In Catholic Churches across the world, it is clear that we are in waiting and preparation. The altar frontals and vestments reflect a deep, rich violet, decorations in the sanctuary are somewhat more sparse than usual, the Gloria is absent from Mass, and the readings speak of one who is to come. It is fairly common knowledge that the Church mandates these changes in the liturgy for our benefit for, without a deep Advent journey, how can we fully appreciate the joy of Christmas? However, it is not as commonly known that the church also regulates the music for the expectant and penitential seasons of Advent and Lent. What does the Church ask of its musicians to augment these seasons, and how might you see these changes in effect here in our Parish?
Since the First Sunday of Advent, you have no doubt noticed a different tone in the music of the Mass. Perhaps most notably, the use of the organ has been reduced substantially from its typical place within Mass during the other seasons. There is no prelude before Mass, no Postlude following Mass, and no solo organ music within Mass resulting in far more silence than most other Sundays; the Alleluia is chanted without accompaniment as is the Ordinary of the Mass (Sanctus, Mysterium Fidei, and Agnus Dei); and when the organ is used it is much softer and more subdued than normal, fading into the background against the voices of the faithful. These changes, though sometimes interpreted differently by different Parishes and musicians, are called for a clearly as the color of the clergy’s vestments.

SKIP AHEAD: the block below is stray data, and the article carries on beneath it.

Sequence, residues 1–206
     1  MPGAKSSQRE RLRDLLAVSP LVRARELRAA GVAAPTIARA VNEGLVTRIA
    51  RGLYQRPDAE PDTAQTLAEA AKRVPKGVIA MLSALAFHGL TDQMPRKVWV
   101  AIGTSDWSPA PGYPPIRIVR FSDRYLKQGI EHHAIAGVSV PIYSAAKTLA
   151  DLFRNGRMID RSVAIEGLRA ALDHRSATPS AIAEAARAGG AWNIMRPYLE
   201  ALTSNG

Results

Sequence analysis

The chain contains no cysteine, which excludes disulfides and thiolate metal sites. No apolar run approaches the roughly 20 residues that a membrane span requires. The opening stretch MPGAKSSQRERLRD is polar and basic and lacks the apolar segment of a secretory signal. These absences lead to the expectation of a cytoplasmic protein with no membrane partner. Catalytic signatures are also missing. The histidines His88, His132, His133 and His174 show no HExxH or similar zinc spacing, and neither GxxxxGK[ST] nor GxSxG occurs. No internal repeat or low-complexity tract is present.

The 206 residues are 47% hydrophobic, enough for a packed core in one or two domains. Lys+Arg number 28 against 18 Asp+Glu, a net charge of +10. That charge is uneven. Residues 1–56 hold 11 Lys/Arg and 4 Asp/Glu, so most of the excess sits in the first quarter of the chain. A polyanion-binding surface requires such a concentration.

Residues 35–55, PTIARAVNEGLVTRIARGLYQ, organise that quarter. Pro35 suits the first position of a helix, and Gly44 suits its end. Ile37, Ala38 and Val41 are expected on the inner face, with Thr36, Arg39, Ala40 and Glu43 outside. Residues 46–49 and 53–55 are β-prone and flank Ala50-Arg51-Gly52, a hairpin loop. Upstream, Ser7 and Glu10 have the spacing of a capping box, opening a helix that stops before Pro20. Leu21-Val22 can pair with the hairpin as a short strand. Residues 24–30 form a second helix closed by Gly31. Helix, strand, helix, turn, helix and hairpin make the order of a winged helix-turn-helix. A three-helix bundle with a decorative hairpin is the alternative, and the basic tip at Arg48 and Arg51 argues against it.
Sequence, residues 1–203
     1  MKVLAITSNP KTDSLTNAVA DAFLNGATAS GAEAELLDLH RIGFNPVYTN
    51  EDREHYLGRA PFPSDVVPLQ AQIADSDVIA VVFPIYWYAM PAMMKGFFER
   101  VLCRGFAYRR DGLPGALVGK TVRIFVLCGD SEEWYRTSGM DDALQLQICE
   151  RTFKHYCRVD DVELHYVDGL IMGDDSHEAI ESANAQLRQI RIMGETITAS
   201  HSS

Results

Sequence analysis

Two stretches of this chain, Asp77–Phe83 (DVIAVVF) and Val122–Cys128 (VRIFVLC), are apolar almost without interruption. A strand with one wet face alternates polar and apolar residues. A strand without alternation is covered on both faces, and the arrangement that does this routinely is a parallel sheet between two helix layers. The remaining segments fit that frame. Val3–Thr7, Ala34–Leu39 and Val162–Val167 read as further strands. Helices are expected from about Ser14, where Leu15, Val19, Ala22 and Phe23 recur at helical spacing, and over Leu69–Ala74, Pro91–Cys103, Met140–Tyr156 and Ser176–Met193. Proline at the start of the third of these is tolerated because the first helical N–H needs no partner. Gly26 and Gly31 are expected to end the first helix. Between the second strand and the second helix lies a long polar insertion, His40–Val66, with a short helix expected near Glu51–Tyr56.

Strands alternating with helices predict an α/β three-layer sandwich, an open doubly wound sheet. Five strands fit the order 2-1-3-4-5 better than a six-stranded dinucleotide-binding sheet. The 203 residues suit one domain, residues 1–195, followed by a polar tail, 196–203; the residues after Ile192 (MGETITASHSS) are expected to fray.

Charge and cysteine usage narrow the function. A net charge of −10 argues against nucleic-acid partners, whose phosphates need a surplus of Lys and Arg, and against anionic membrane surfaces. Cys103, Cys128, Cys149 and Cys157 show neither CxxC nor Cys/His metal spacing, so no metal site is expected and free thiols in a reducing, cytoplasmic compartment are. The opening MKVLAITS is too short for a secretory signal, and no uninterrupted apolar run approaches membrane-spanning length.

There are a number of documents that are responsible for expressing the Church’s expectations for Sacred Music within Mass. Musicam Sacram, the Instruction on Sacred Music from 1967, states:
“66. Solo playing of musical instruments is forbidden during Advent, Lent, the Easter triduum, and at services and Masses for the dead.”
Similarly, the General Instruction of the Roman Missal, or GIRM, states:
“313. In Advent the organ and other musical instruments should be used with a moderation that is consistent with the season’s character and does not anticipate the full joy of the Nativity of the Lord.”
Although the GIRM uses less severe language than that of Musica Sacra, the modern document still affirms that there should be a distinct change in the music of Advent, and the former document provides a solidly traditional practice to achieve said distinction.
However, the traditional exceptions to these prohibitions are for Solemnities that occur within the penitential seasons (when even the Gloria is sung and festive vestments worn), and the “rose” Sundays of which today is one. The Third Sunday of Advent, known as “Gaudete Sunday” temporarily eases these restrictions to renew our hope in the coming of the Lord. Its counterpart, “Laetare Sunday,” takes place on the Fourth Sunday of Lent. Rose colored vestments are worn, the organ sings (though still in moderation), and the church sings “Rejoice!”
“Gaudete in Domino semper: iterum dico, gaudete….”
Rejoice in the Lord always; again I say, rejoice….
– Introit for the Third Sunday of Advent [Excerpt]